Review: ‘Black Forest’ by Laramie Dean

Black Forest

Black Forest is a perpetually morphing entity, one that petrifies at the height of intimacy, and seduces in the wake of malice. Despite Nathan’s — partial — grasp of reality, shaped around the last vestiges of high school, college, and heart-coercing relationships, the novel’s eerie element is never fully sedated.

In fact, he proves a fascinating character to base a shape-shifting narrative around. Compelled by an inner wickedness he keeps defying, Nathan often experiences a combination of desire and frustration, dread and exhilaration. As a result, there’s a delicious, profoundly sexual undertone to the hauntings that mutilate his sanity.

Consumed by loneliness, disaffection, and a longing for the elusive and the ever-changing, Nathan falls prey to a transformation that leaves everyone, particularly him, blindsided. Its artful subtlety is aided by Dean’s writing, which is as exceptional as it is rousing.

And so, with a voice that grips, beguiles, and consumes in the same breath, he manages to imbue the prose with a ferocity that scours the mind and the body alike. The complexity of Black Forest’s countless parts is perhaps the very thing that elevates it beyond the limitations of horror. Just like Nathan, we’re never fully persuaded by the feigned stability of the mind.

With sly references to his parents’ alcoholism, schizophrenia, the supernatural, magic, demons, folklore, as well as innate human depravity, no path of reasoning is ever awarded a higher status than the sum of its contenders. The result is, naturally, exhilarating.

What’s more, by suffusing horror with the air of a psychological thriller, Dean weaves a web of strained, painfully twisted relationships. Imitating the thin physicality of a nightmare, the story manipulates both time and sense, degrading the warm shine of a familiar face and the hunger of spoiled flesh with the same scathing incredulity.

Everything, after a certain point, is dream-like and hazy, silently menacing and equally enthralling. To top it all off, the author leaves us with a wounded sense of validity. That’s because, by allowing Nathan to step in and out of self-made realities, Dean exposes our tendency, and need, to create private worlds.

We end up interpreting events in a way that renders life a bespoke creation, a by-product of overarching fear — both in terms of the space it offers, and the limitations invoked by such a release.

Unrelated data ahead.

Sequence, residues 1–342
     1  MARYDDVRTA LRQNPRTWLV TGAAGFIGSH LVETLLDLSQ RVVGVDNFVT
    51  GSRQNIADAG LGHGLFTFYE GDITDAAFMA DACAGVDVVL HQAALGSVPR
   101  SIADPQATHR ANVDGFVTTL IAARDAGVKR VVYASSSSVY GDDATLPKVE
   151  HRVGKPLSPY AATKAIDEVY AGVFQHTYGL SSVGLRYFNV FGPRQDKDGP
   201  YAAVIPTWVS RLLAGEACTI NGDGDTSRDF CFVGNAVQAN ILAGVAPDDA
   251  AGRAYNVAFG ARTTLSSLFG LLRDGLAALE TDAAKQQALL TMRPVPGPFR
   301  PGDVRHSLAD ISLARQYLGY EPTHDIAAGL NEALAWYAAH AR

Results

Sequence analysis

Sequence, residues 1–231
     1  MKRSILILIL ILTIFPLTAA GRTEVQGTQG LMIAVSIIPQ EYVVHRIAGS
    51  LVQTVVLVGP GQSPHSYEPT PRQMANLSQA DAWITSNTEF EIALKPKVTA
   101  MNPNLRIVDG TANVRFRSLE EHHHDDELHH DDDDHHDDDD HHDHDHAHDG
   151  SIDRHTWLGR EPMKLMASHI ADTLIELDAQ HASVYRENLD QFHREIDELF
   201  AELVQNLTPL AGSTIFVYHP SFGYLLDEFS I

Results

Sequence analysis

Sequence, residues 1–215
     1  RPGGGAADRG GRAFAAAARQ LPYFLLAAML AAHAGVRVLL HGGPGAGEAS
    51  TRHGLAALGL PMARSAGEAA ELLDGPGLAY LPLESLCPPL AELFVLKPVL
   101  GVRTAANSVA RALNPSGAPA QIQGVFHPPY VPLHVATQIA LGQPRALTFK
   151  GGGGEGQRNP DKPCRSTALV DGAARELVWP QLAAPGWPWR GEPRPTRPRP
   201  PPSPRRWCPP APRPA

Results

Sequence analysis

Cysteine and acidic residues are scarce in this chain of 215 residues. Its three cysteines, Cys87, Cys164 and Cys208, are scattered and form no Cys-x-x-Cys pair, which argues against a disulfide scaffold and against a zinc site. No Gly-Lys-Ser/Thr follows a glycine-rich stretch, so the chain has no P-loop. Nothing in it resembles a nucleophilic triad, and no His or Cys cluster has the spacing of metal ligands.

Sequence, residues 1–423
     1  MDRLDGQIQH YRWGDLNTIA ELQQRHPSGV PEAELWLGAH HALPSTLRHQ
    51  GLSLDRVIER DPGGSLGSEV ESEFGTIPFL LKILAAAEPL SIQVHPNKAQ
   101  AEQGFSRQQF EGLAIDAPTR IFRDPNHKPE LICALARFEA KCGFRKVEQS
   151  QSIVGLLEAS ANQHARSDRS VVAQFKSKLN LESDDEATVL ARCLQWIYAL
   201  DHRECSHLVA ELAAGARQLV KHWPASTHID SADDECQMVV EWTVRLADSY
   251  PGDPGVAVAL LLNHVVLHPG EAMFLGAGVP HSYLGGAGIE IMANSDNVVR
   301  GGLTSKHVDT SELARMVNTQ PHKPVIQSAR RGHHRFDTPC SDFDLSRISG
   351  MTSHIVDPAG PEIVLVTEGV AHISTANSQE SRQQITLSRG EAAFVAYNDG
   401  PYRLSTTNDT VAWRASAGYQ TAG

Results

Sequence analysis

In Nathan’s case, fear feeds on the critical state of the only friendship he’s ever known, a shattered heart, as well as the melancholy and yearning brought on by change. That, and the “deaders” and other monstrosities that pursue him.

Nathan’s interactions with them further illuminate Dean’s dexterity with the genre. He projects scenes of such violent atrocity that the margin between fantasy and the reader’s own reality is smeared to oblivion.

Thus, we’re never quite sure if we’ve given ourselves over to a supernatural tale, or one of mental deterioration. This sentiment is boosted by the people nearest to Nathan, who seem to nudge him closer to the edge with every violation of the construct of his happiness.

This observation is sharpened by a prophecy that is gleaned early on in the tale, and which goes on to dismember Nathan’s present. It leaves him flailing around as he seeks to fit the fragments of reality within the framework of an already-formed experience.

And so, we’re aware of the direction the story will take, but never the rate of its disintegration. This process, as formless as it is voracious, flares out to engulf bodies, shapes, names, truth, and the illusion of distinctiveness.

At its culmination point lingers a thing that surfaces and pulses to the beat of a deadened heart. The thought that arises before being swallowed up again is one of our lack of control, and our endless hunger for it. Intoxicating, hallucinatory, sensual, and crippling, Black Forest defies the limits of the page to plague the psyche long after the last nerve has been severed.

Publication date: November 1, 2022 (Inkshares)

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